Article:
How Virgin Trains convinced the public to audition to be the voice of its toilets

Cubaka was commended for Best Automotive or Transport Content Marketing Strategy at The Drum Content Awards 2019 for its ‘Toilet Role’ campaign for Virgin Trains. In this case study, the agency reveals the challenges faced and the strategies used to deliver this successful campaign.

The challenge

If you've ever travelled with Virgin Trains, there's a good chance you'll have encountered their talking toilets. The current toilet voice had been in place for over a year, so it was about time for a reboot.

In February 2019, Virgin Trains briefed us that they were looking to encourage people to audition to become the new voice(s) of the toilet. They explained that they were launching the campaign as a PR story. The front man was to be Dean Gaffney.

Virgin Train’s PR agency The Romans was in the planning phase of what was to become the launch video. Virgin asked us if there was a way to tie in with the PR story and to drive entries through social channels.

The primary campaign objective was to drive competition entries through the Messenger bot, with a key target of 400 entries. In addition, Virgin Trains worked with their media agency Manning Gotileb to set additional KPI targets based on previous performance:

  • 860 new messaging conversations.
  • £10.17 cost of new messaging conversation.
  • 4,225 clicks to messenger.
  • 0.18% CTR.
  • 15% engagement rate (based on brand average).
  • 20.35% CVR (Click to New Messaging Conversation) of 20.35% target.

The strategy

Our first thought was ‘crikey, asking someone to audition via social is very high barrier’. In the age of ‘you are what you post’, the idea that someone would want to record their voice and post it on social for all to see seemed prohibitive.

We were concerned that this would severely limit the number of competition entries. We needed a way for people to submit entries away from the prying eyes of the main social feed. So, we made it fun, and private - like playing Candy Crush on the loo.

Instead of asking people to share their voice recording on their public social feed, we saw the privacy of Facebook Messenger as a better option. We also figured that an automated chatbot would allow us to manage a large number of entries.

With Dean Gaffney as the front man for the launch video, we knew there was only one thing for it – the whole audition process would be run through Facebook Messenger with Dean Gaffney as your obliging host. Enter the Gaffbot.

The campaign

After watching the launch video, audiences were invited to try their luck via The Gaffbot (please have a play - best on mobile).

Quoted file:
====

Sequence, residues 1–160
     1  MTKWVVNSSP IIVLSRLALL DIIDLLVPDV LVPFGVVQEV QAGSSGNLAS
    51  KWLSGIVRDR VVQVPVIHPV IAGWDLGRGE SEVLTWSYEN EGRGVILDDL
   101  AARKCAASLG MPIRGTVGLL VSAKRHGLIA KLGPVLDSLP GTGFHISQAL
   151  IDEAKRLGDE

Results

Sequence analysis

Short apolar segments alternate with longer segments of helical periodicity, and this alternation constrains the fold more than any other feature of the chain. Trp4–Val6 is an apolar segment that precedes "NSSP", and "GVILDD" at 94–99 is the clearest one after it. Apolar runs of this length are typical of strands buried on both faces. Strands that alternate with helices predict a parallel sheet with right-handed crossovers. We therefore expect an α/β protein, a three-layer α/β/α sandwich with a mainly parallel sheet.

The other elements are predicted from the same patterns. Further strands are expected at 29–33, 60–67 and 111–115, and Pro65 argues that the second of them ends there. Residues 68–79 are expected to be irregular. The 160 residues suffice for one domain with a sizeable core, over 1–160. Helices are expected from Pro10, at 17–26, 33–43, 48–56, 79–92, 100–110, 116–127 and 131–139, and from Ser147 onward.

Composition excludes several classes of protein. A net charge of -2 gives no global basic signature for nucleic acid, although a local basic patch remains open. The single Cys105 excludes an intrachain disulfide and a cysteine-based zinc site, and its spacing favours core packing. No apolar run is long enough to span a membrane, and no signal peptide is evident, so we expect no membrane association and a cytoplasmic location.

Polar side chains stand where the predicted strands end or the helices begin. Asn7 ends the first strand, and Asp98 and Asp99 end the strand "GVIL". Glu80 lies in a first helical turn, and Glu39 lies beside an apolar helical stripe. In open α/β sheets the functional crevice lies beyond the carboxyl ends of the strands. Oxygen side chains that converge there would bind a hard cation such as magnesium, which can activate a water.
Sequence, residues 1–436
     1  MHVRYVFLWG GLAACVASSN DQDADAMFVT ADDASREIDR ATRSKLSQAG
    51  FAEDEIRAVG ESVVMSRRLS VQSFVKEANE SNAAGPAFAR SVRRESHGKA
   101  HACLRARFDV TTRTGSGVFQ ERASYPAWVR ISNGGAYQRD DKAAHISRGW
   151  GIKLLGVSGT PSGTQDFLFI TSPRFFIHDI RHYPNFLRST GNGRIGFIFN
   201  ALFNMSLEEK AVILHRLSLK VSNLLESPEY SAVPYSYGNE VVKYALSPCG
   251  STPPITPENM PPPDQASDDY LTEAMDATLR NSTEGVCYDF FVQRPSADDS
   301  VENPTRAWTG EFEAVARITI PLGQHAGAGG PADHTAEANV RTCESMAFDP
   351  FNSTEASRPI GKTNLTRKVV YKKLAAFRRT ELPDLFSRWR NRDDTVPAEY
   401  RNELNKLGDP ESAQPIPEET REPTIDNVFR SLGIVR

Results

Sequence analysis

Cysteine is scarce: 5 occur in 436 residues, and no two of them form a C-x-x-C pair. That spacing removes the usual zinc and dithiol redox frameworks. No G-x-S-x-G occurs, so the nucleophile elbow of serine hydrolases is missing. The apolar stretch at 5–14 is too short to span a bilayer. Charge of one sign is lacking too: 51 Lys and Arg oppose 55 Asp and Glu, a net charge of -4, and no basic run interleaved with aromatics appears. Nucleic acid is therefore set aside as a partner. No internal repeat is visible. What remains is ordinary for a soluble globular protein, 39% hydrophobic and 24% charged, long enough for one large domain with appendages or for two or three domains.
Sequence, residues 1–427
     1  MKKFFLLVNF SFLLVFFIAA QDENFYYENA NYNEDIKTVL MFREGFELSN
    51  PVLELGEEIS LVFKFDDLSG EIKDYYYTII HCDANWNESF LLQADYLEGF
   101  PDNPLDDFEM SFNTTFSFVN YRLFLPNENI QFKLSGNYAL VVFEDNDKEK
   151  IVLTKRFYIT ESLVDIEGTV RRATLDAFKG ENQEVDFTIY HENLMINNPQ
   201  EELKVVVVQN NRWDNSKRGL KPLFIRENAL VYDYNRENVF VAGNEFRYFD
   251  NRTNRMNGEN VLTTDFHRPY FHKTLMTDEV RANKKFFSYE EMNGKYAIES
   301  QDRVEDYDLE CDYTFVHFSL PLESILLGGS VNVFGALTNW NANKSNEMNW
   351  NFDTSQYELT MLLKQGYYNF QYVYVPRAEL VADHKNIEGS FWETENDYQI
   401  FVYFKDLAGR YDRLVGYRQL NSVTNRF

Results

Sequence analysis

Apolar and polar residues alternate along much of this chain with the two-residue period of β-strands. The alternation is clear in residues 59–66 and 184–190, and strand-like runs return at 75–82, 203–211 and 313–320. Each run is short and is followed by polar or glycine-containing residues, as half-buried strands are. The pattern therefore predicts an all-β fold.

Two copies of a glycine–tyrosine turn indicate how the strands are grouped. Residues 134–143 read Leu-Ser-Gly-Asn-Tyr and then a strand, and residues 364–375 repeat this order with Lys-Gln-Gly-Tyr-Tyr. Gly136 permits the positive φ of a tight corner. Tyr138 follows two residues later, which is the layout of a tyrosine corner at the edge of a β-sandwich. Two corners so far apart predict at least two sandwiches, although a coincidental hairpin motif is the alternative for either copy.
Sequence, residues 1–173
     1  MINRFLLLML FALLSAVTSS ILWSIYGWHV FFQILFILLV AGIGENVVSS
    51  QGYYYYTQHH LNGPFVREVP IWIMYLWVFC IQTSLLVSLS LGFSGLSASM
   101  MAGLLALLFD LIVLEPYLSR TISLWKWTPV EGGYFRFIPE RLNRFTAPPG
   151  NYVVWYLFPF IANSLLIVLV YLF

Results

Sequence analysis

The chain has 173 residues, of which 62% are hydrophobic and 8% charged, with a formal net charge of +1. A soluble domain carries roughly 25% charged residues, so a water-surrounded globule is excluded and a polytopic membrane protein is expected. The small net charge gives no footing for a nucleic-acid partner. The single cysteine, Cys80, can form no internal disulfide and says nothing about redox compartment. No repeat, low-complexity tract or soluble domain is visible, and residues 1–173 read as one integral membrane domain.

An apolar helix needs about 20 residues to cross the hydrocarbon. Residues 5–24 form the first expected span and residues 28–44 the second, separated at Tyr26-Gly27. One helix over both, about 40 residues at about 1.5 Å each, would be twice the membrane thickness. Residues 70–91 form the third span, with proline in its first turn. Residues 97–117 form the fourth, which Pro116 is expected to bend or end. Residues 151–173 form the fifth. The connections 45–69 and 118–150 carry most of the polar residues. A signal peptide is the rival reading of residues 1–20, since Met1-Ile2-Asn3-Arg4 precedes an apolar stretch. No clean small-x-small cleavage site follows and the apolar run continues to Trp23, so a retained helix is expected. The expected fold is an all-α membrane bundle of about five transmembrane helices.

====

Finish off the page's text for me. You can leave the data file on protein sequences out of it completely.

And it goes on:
We knew that inviting people to chat to Gaffney in the safety of Facebook Messenger would be irresistible to many and our creatives saw endless possibilities for bringing the Gaffbot to life and making it fun.

Since our primary KPI was competition entries, we had to structure the Gaffbot in a way that made it fun, quick and easy to enter. Users were greeted by Gaffney, given a brief introduction and whistle-stop warmup before being invited to record the pre-written message using the Facebook Messenger audio record function. The whole entry experience was aided by a selection of fun GIFs featuring Gaffney reacting to users.

Once users had recorded their voice, they had officially auditioned. After that they were free to enjoy some quality Dean time – we built in plenty of extras by way of a ridiculous multiple choice quiz to keep people interacting with The Gaffbot.

To get some bonus reach from the campaign we created a branded Giphy (GIFney) account and uploaded the GIFs. They’ve had over 14 million views so far which was a nice bonus.

The results

If anything, the was too successful. We received over 5,200 entries against our target of 400. Each had to be manually sorted through. This was a bittersweet process.

In fact, The Gaffbot substantially exceeded all targets:

  • 5,209 entries for the Voice of the Toilet competition vs 400 target – x13 higher
  • 6,164 new messaging conversations vs 860 target – x7 higher
  • Cost of new messaging conversation of £1.42 vs £10.17 target – 86% decrease
  • 8,416 clicks to messenger vs 4,225 target – x3.5 higher
  • CTR of 0.60% vs 0.18% target – x3.3 higher
  • 23% Engagement Rate vs 15% Virgin Trains average – 53% increase
  • CVR (Click to New Messaging Conversation) of 73.24% vs 20.35% target

The Bot Platform, who hosted The Gaffbot, said of the campaign: “The Virgin Trains/Cubaka bot was one of the most creative and interesting scripts we've worked with… user engagement being almost double than most [other] bots.”

Overall the bot managed to talk to just over 9000 users, sent a whopping 125,000 messages and collected 5209 entries for the Voice of the Toilet competition. Not too bad for a bot that was only live for just over three weeks!

Emma Martell, head of social content at Virgin Trains said: “The bot was really smart because it avoided various issues in a really funny and creative way…I think the fact that people were actually telling the bot how great they thought it was says a lot!”

This campaign was commended in The Drum Content Awards 2019. If you think you can do better, register your interest in next year's awards.

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